An interesting nugget in last week’s Drummond report is Table 11.1, an updated version of Table 2 from “Ontario’s Tax Plan for Jobs and Growth” (2009).
It provides a sectoral breakdown of the McGuinty government’s recent business tax breaks: HST input tax credits, cutting the corporate income tax, and eliminating the corporate capital tax.
The combined annual cost of these tax breaks, when fully implemented, will be higher than originally estimated: $8.7 billion vs. $8.4 billion.
But they will help the manufacturing sector even less than originally estimated: $1 billion vs. $1.2 billion.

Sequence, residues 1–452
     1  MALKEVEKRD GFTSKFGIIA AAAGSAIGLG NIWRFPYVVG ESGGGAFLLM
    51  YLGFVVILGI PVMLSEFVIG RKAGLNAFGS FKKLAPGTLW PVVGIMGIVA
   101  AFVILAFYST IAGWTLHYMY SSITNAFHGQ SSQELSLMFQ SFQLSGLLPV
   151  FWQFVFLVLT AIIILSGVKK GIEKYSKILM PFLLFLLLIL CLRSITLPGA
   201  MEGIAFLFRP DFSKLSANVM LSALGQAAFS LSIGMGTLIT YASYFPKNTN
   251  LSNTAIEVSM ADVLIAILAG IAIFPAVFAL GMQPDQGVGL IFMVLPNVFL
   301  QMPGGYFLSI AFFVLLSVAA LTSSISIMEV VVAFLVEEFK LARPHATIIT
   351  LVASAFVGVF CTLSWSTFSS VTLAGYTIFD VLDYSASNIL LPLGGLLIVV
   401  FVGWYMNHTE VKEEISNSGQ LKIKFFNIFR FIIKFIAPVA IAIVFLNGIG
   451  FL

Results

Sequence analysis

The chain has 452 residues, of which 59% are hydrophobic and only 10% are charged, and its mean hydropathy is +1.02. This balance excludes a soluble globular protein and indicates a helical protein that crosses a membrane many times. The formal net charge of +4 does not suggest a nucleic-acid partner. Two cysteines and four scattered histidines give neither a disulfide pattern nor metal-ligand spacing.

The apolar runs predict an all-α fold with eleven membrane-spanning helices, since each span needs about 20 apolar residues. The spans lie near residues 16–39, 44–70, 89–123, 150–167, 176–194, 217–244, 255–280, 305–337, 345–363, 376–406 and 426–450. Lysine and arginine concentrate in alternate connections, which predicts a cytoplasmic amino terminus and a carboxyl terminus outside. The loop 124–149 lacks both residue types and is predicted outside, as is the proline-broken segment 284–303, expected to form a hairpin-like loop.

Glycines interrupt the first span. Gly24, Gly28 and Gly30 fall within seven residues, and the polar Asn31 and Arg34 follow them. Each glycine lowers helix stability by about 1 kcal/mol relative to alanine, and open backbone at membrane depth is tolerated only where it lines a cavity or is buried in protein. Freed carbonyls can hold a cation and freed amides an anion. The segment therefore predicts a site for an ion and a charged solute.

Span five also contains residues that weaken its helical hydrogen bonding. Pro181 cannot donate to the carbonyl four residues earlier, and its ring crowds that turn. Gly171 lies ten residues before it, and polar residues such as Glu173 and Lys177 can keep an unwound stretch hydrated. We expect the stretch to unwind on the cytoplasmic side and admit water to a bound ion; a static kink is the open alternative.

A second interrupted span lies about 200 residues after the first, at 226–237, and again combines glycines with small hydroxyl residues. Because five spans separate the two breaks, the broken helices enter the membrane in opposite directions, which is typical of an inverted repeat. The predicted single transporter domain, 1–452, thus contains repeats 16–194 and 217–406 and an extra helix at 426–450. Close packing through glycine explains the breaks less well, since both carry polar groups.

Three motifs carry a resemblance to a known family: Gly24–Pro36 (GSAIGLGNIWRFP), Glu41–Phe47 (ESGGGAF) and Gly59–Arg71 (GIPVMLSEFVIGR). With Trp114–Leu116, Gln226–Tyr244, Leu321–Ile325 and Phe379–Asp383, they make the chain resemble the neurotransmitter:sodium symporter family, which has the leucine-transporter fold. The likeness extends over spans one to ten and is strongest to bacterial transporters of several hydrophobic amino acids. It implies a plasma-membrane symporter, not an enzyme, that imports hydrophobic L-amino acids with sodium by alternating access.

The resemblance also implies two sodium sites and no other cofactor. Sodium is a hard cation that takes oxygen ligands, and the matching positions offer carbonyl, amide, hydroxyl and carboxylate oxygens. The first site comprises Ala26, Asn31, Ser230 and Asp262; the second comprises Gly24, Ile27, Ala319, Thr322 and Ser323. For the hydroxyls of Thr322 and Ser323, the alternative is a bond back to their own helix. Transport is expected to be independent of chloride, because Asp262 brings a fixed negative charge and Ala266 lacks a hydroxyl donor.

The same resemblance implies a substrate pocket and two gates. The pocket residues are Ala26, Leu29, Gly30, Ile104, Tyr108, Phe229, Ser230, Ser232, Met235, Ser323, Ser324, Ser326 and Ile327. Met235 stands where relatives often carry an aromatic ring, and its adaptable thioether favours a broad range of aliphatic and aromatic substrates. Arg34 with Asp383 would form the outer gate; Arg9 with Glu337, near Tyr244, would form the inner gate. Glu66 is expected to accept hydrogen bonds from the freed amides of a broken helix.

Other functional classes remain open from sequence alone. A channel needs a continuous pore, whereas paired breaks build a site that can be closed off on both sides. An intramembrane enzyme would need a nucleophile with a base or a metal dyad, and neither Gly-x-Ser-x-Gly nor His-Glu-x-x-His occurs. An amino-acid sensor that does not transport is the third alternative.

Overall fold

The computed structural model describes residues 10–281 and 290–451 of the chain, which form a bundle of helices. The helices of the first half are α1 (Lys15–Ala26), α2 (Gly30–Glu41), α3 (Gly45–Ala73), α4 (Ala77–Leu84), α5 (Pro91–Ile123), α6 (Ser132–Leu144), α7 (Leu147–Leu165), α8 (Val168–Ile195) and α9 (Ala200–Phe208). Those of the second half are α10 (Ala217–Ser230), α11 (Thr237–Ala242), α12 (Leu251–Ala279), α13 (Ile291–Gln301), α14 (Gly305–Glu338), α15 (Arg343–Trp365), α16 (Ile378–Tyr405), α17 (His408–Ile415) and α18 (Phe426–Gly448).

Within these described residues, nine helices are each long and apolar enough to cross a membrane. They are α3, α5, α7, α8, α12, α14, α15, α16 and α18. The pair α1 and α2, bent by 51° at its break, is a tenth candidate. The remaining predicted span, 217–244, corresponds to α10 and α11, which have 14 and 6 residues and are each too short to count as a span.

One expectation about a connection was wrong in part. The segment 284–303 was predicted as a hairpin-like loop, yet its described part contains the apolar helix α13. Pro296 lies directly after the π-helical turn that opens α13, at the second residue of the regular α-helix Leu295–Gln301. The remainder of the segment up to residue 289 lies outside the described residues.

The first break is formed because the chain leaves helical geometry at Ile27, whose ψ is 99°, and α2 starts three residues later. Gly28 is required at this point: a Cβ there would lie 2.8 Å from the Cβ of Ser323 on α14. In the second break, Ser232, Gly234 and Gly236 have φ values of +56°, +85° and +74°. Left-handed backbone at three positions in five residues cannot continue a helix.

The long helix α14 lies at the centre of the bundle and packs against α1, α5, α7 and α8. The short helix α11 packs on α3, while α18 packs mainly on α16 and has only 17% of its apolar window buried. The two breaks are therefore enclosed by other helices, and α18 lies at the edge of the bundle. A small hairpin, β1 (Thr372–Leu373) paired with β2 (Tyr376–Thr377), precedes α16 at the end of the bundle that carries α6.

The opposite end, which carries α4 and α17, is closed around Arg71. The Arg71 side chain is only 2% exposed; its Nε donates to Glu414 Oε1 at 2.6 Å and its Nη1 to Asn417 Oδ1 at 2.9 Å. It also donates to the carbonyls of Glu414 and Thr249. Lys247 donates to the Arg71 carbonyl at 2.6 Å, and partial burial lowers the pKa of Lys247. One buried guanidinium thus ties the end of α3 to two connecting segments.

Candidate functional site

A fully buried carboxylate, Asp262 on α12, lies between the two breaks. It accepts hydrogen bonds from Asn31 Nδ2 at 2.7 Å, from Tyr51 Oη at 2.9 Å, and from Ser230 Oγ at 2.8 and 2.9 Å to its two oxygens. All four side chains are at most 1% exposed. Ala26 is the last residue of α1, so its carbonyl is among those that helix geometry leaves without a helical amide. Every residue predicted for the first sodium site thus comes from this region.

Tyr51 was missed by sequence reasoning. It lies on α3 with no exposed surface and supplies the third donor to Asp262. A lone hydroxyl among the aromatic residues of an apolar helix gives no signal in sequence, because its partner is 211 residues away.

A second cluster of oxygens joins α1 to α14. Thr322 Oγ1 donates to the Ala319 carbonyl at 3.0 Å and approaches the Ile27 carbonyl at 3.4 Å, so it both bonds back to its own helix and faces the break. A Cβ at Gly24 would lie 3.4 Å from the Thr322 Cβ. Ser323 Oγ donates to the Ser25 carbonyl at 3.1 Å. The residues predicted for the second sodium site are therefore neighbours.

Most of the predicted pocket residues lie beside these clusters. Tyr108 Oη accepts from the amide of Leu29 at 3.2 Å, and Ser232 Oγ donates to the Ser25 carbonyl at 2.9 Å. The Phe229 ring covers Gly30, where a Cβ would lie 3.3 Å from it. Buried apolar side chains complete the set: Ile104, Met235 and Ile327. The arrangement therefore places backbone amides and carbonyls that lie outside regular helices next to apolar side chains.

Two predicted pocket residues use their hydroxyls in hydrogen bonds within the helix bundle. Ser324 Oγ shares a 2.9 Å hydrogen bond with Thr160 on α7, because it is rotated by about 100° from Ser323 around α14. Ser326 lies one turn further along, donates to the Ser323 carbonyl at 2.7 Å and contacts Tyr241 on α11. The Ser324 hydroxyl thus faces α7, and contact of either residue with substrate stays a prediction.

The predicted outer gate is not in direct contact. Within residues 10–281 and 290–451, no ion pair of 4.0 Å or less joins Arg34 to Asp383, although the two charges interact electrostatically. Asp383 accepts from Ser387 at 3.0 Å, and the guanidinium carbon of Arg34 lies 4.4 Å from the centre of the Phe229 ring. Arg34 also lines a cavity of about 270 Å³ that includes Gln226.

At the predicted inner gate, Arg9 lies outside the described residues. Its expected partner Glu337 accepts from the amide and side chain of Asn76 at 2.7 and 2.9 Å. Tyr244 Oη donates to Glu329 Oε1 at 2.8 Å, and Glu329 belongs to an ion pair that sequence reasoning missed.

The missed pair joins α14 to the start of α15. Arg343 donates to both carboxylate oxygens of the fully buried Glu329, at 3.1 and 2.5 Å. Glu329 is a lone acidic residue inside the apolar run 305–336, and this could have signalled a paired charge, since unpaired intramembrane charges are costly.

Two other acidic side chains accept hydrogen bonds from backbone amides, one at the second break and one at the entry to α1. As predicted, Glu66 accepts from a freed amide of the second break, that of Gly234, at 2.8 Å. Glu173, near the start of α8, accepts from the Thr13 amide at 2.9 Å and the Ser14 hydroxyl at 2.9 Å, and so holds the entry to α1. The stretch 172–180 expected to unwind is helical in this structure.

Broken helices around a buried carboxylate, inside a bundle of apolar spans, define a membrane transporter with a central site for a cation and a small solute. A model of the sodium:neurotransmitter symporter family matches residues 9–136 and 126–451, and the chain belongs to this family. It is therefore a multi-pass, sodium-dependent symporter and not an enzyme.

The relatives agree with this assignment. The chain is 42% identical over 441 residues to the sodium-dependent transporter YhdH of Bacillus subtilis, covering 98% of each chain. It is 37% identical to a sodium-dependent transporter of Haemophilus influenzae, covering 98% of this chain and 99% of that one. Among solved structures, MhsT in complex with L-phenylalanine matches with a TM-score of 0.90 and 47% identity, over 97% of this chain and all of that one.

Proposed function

The old table suggested that these measures would be a wash for the financial sector. The HST would apply to some previously exempt financial services while finance companies would pay less corporate income and capital tax.
The new table reveals a net gain of $590 million for the financial sector. In particular, the estimated cost of eliminating the corporate capital tax for banks has jumped from $520 million to $740 million.
Restoring a capital tax for banks in Ontario is looking more appealing. The great Wall of Saskatchewan’s Maoist government, for example, continues to levy such a tax.
Erin Weir is an economist with the United Steelworkers union and a CCPA research associate.